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Jul 27, 2008

Film Review: The Dark Knight

Christopher Nolan’s The Dark Knight is a nearly perfect superhero film. The superhero, Batman, evolves from the last film and comes to personal realizations about himself. The underworld Batman combats becomes more dangerous out of desperation from his crime fighting, spawning an incomprehensible villain and a would-be example of bravery in the face of adversity.

The Dark Knight, like most sequels buttressed by a larger production budget, begins in aggrandized fashion with a lavishly shot (they used IMAX cameras) bank robbery. This is not your ordinary bank robbery however, which should come as no surprise when the mind that created it is revealed. The bank robbed is no ordinary bank either, it’s a mob bank. The bank robbery was orchestrated to bring its architect to the attention of all the mob bosses in Gotham City. That architect is none other than The Joker (Heath Ledger).

Dealing with the bank robbery and its repercussions are Lieutenant James Gordon (Gary Oldman) and District Attorney Harvey Dent (Aaron Eckhart). Dent has recently won the election to become Gotham City’s new District Attorney with the campaign slogan: I Believe in Harvey Dent. By the mid-point of The Dark Knight, it’s clear that a large portion of Gotham City believes in Harvey Dent, including Bruce Wayne. Wayne longs to be with Rachel Dawes (Maggie Gyllenhaal, formerly played by Katie Holmes) and not only sees Dent as Gotham’s legitimate savoir but as a means for him to stop being Batman and require Dawes for himself. As in all good and note-worthy romantic dramas, things don’t go as planned. This is also one of The Dark Knight’s strengths. As The Joker says in the film: “It’s all part of the plan.”

The Joker is the most exciting element of The Dark Knight. The viewer is always waiting for him to do something or say something as only he can. This is the mercurial Joker that has, up to this point, only existed in Batman comic books: a lethal sociopath and master criminal. Who else could do a magic trick with a pencil, making it disappear with such panache and flash? And this Joker is a great story teller as well, always regaling those he gets close to about the tale of how he acquired his facial scars. His oratory technique is very intense, imbuing the listener with trepidation and in specific cases, pain.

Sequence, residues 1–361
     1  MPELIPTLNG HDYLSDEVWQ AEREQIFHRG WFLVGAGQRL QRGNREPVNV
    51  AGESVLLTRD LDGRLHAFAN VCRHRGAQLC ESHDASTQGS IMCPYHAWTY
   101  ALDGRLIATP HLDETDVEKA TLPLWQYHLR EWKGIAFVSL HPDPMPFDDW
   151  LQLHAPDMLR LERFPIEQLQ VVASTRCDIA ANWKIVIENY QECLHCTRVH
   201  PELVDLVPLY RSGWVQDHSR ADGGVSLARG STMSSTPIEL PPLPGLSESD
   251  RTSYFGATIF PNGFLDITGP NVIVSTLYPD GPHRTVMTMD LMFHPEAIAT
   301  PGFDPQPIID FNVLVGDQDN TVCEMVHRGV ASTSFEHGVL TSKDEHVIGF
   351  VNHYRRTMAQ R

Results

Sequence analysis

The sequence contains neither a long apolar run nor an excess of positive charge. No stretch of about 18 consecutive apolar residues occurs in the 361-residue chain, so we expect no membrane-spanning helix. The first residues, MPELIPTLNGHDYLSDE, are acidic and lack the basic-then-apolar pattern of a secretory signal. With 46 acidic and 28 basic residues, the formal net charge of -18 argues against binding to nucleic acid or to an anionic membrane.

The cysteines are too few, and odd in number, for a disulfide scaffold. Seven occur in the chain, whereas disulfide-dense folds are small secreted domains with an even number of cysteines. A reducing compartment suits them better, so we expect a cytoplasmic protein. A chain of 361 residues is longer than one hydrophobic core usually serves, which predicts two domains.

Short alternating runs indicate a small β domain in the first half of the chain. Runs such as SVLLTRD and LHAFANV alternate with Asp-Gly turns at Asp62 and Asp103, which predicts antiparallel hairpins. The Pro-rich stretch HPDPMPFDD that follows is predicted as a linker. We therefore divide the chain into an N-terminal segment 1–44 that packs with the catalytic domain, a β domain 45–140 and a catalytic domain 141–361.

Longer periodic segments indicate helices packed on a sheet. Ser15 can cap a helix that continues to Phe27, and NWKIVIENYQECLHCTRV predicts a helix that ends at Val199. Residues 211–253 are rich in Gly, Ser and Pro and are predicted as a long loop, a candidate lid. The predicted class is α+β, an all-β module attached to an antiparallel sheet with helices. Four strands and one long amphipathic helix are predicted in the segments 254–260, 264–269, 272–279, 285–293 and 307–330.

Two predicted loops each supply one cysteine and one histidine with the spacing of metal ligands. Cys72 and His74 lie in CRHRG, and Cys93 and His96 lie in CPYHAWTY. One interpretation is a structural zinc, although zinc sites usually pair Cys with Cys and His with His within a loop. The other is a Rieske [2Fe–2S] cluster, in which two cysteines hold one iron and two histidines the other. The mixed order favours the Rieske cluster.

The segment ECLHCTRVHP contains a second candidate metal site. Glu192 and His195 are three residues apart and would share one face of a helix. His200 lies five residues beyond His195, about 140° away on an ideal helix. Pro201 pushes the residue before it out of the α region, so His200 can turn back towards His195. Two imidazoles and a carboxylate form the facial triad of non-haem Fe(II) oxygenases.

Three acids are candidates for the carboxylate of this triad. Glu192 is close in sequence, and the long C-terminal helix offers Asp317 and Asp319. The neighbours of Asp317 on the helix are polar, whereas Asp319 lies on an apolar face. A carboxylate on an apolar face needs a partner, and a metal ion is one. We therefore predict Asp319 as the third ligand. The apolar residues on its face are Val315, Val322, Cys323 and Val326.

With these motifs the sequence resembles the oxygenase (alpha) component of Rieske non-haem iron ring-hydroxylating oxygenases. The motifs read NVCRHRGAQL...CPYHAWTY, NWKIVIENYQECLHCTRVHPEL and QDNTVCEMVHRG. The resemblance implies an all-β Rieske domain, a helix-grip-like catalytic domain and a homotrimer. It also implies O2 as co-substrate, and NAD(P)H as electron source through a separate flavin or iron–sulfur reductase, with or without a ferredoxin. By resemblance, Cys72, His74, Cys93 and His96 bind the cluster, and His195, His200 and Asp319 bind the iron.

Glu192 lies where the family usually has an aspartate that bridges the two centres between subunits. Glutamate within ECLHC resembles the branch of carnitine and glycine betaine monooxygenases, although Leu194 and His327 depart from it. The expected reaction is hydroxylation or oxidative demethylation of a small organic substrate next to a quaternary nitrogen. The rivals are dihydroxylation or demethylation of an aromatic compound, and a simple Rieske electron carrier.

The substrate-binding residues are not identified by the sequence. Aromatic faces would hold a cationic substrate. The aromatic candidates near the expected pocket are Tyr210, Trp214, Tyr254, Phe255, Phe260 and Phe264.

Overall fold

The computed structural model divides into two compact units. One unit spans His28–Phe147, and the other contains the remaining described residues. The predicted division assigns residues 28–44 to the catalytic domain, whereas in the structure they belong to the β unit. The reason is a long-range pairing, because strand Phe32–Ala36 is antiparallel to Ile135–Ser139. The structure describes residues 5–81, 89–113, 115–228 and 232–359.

Harvey Dent, who initially seems to not have a substantial role in The Dark Knight, turns out to be one of the most important characters in the film. Because of a litigious investigation Dent conducted before the events in The Dark Knight as a member of the Internal Affairs Department, Dent suspects something about Gordon’s unit that turns out to be absolutely true. This lack in judgment on Gordon’s part costs the facund Dent greatly, both emotionally and physically. Eckhart really sells Dent and what he is going through. The audience clearly sees Dent’s point of view unlike The Joker’s and his need for anarchy.

Bruce Wayne, on the opposite end of the spectrum, is showing the physical wear of his nightly occupation as Gotham’s Dark Knight. Most of the adversaries he has faced in the past he knew how to deal with. When The Joker arrives in Gotham, Batman finds himself in a few predicaments. How do you stop someone like The Joker without taking his life? How do you intimidate the criminals of Gotham City when they are more afraid of The Joker and his retribution than yours? The resolutions to these quandaries are more reasons why The Dark Knight stands out from other comic book-based films.

The human element, toyed with and poked at in Spiderman 1 and 2, is brought to bear fully in The Dark Knight. The situation has to do with sacrificing someone else’s life to save yourself and how far you would go to live. It is scripted and acted with sincerity, doesn’t seem artificial but authentic, making the scene all that more powerful and real. It is one of the most finely written scenes in The Dark Knight and most-likely is the cause of the early, positive buzz the film garnered. That and Ledger’s performance, his best to date and sadly his last, much like Brandon Lee’s in The Crow.

I did find that the pace of Batman Begins was better than The Dark Knight’s and that the hand-to-hand combat scenes were more effectively in the latter film as well. In Begins, Batman took down adversaries quickly, stealthy, in The Dark Knight he fights out in the open and the fights have been slowed down. Maybe this was in response to viewers not actually seeing every blow Batman delivered in Batman Begins and voicing their opinions on the fact three years ago.